Varsity Inn at Gibbs Hall is officially closing its doors.
Unfortunately, that leaves numerous students on a meal plan that no longer includes the menu previously offered by Varsity Inn. Shaun McNeely, senior in logistics, said that the change in dining will greatly affect his lifestyle and eating habits.
"(Varsity Inn closing) means I won't be able to eat real and healthy food anymore," McNeely said. "I'll have to eat the fake eggs at Presidential. My diet is Paleo-based — where you eat no bread, grains or pasta — and that is all Presidential has to offer. It means I'll never leave the cafeteria full because there is nothing to eat."
There are legitimate reasons for the cafeteria's close. SGA president Adam Roddy said the average loss for operating Varsity Inn over the last three years ranged between $750,000 to $800,000 per year.
To appease the uproar arising mainly on social media, the university has offered a special dining option. Students who have already signed up for the Varsity-Inn plan will be allowed to stay on the same plan, but it will become the campus-15 plan.
"Those in University Housing and UT Dining were quite accommodating to students in how they allowed for the affected students to change their meal plans and housing options," Roddy said. "The Dining Services even went so far as to grant the students on the Varsity Inn Meal Plan a more encompassing meal plan at the same price."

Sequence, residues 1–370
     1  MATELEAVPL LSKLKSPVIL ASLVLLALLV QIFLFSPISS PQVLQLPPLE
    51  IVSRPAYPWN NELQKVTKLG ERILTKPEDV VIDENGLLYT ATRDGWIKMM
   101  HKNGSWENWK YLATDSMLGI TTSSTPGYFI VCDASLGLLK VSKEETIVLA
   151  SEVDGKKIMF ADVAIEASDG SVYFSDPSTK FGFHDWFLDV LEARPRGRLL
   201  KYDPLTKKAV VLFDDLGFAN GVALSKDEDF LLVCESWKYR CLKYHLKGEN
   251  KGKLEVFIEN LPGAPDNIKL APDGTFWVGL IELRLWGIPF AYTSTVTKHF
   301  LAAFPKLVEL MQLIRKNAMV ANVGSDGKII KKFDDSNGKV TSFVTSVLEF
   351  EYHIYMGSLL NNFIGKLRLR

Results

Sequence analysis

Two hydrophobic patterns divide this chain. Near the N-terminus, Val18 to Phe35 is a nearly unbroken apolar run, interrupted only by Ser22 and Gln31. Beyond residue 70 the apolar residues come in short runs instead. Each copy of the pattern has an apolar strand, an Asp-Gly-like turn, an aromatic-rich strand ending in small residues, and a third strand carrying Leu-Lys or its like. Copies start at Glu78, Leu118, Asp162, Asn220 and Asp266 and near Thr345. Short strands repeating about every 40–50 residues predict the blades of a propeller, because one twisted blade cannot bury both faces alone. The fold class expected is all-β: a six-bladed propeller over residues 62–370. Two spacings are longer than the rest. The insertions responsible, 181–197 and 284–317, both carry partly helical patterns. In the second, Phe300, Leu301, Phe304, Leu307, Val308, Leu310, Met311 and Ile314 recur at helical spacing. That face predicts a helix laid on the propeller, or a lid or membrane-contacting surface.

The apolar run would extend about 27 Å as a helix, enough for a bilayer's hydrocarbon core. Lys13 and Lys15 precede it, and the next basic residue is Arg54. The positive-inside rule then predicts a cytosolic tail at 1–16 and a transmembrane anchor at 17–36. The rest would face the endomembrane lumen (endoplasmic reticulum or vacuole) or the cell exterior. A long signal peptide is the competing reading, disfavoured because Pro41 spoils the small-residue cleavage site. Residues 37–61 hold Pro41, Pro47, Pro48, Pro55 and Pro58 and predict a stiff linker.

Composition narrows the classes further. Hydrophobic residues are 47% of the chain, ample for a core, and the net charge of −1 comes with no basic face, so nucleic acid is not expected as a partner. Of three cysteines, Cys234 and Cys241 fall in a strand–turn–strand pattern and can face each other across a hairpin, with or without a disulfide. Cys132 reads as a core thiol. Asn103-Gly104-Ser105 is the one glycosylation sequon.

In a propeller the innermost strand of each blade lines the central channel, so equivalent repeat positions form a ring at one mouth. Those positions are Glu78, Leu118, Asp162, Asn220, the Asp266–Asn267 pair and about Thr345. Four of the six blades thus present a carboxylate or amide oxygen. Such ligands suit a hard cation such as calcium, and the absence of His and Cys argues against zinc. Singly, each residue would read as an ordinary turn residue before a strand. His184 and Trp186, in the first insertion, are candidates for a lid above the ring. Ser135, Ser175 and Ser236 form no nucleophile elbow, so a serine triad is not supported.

Unfortunately, the plan failed to have the desired effect. Few students are satisfied with the substitute plan.
Colin Skinner, senior in journalism and electronic media, said the closing of Varsity Inn was upsetting. His experience at Varsity Inn was something that he enjoyed and the absence of it will be felt.
"Gibbs Hall is a great dining experience because it combines demographics like athletes and non-athletes in a place where the food is quality. Fraternity guys could even get free protein there. It was great. The fact that the school, or athletic administration rather, wants to take this experience away from all demographics and make it into a practice session for players is both upsetting and unfair."
Roddy said that while the close was a necessary act, the operation may not have been handled appropriately.
"I believe the major problem with the whole issue was a simple lack of awareness and information," Roddy said. "Athletics decided to, for the most part, close the Varsity Inn. The major problem with this was that they did not inform the students of this until long after they had already signed up for meal plans. Even certain administrators and administrative offices had been 'left out of the loop' and were surprised to hear of this. This resulted in many students rightfully being upset at the fact that their meal plan was being changed after they already signed up for it."
Roddy encourages students to express their opinions on the matter as the change in dining options will effect each and every student.